Winery News

A golden age of Australian sparkling wine

By Halliday Promotion

2 Nov, 2018

House of Arras in Tasmania, an award-winning producer of sparkling wines, has released its inaugural vintage collection, a set of five wines that aims to educate Australian drinkers on the quality of local fizz, and that places it in the league of top-shelf Champagne.

It’s the first time the stars have aligned for winemaker Ed Carr to disgorge a selection of House of Arras vintage sparkling wines to exhibit at one time, and for drinkers to pop the top on bubbles that show Australia’s potential to create exceptional, celebratory styles.

The quintet of wines shares one important trait – the length on tirage. To explain, tirage is the process by which still wines become sparkling. A solution of yeast, wine and sugar is added to the base wine in a closed environment (which in the traditional method is the bottle that goes on to sale) to create a secondary fermentation, and the longer that is left, the more complexity that can show up in the resulting sparkling wine. (Think of the ‘bready’ or ‘biscuity’ characters often noted of Champagne – that’s thanks to extended time on tirage and contact with its yeast lees.)

The lees ageing of House of Arras’s vintage collection starts at a minimum of nine years for the Rosé 2007 and the Grand Vintage 2007 magnum, and rises to 13 and 15 years respectively for the EJ Carr Late Disgorged 2004, the EJ Carr Late Disgorged 2003 magnum and the Museum Release Blanc de Blancs 2001, creating a series of wines with superb richness and texture. It’s an expensive and labour-intensive process to craft aged sparkling wines of this calibre, and it’s a credit to House of Arras that it homes such a collection.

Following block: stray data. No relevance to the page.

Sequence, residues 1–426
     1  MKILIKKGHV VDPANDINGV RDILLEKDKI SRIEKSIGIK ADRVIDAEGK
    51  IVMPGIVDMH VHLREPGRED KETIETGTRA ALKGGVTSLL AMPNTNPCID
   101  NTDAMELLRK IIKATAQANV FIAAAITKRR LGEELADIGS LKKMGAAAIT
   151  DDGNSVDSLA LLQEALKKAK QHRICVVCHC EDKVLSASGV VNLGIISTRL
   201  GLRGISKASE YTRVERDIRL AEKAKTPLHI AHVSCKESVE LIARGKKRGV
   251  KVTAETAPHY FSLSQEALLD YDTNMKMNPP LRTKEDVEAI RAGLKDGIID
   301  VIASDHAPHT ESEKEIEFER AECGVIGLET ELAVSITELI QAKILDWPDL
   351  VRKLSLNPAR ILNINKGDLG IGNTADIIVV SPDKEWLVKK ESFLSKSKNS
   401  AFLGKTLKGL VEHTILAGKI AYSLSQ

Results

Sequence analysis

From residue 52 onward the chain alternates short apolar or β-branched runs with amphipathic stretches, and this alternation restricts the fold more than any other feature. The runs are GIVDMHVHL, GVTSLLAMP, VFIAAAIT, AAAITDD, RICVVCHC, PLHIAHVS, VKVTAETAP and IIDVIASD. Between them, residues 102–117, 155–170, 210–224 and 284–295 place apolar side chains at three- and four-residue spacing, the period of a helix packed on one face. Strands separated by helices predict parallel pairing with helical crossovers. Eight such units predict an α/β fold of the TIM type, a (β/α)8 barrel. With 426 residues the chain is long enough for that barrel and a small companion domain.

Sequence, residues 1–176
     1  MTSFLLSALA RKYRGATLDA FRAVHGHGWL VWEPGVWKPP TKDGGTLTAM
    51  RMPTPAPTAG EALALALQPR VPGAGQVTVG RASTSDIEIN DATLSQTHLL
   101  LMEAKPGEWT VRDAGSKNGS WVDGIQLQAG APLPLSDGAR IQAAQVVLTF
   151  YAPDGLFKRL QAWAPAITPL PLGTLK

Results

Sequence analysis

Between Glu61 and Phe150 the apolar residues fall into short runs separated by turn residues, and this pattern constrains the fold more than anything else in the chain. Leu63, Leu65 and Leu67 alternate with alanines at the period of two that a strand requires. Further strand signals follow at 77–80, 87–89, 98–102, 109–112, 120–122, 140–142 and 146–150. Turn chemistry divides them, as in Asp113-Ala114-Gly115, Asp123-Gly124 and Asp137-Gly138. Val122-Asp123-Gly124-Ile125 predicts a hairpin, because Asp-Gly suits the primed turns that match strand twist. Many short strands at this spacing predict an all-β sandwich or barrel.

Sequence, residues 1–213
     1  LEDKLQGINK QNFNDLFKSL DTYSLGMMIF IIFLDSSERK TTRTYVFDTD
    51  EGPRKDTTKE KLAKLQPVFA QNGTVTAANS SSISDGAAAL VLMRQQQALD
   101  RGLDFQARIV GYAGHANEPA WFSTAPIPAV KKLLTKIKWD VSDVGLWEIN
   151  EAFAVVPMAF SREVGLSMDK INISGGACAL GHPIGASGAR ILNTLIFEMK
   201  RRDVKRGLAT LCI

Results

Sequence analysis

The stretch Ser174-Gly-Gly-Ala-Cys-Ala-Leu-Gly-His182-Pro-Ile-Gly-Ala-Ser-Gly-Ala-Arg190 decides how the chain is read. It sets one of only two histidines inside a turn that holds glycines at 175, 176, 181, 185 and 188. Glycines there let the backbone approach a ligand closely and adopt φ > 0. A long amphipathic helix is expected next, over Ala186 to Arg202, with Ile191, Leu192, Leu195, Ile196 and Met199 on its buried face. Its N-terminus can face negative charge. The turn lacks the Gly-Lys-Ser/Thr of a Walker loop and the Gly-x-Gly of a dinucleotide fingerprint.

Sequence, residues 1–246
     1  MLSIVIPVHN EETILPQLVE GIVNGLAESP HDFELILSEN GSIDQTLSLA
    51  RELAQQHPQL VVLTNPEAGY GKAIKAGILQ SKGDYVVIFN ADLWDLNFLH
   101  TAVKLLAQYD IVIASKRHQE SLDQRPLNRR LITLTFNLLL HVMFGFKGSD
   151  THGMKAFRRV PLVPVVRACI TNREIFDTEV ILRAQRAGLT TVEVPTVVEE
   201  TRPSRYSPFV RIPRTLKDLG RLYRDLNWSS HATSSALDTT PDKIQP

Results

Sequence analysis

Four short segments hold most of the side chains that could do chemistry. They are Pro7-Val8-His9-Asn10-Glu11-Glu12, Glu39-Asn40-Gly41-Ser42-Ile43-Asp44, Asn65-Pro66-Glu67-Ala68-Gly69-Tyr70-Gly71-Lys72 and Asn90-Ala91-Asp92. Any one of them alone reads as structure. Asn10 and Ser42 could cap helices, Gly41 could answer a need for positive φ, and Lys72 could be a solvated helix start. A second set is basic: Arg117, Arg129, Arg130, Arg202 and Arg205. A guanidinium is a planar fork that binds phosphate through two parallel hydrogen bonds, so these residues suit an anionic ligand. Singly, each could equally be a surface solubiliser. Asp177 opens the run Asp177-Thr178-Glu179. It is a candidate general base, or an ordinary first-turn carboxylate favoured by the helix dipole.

House of Arras Museum Release Blanc de Blancs 2001 At a recent event to launch the collection at the Sydney Opera House, attendees were surprised to learn of the age of these wines – especially the Museum Release Blanc de Blancs at an astounding 15-years-old. To give you an idea, vintage Champagne has a minimum lees-ageing requirement of three years, so this wine jumps that bar by quite a bit.

“The 2001 Blanc de Blancs is one of the most expensive products Arras has brought to market, but we absolutely believe that it’s worth the price,” Ed says. “Last year, it picked up the Best Australian Future Release at the Champagne & Sparkling World Championships, and this year it won Gold at the same awards,” he adds.

Another factor that plays into the quality of House of Arras’s sparkling wines is their provenance. Tasmania is one of Australia’s top cool climate regions, with consistently favourable conditions for fruit development. It has the edge over vineyards in places like, say, France, which can be prone to frosts and other weather extremes.

If you’re considering something special for the festive season, why not try Australian sparkling? With releases such as these, you’ll find the wine in the bottle to be world class.

House of Arras are pleased to announce the launch of the EJ Carr Wine Club. To be one of the first to access these limited releases, register at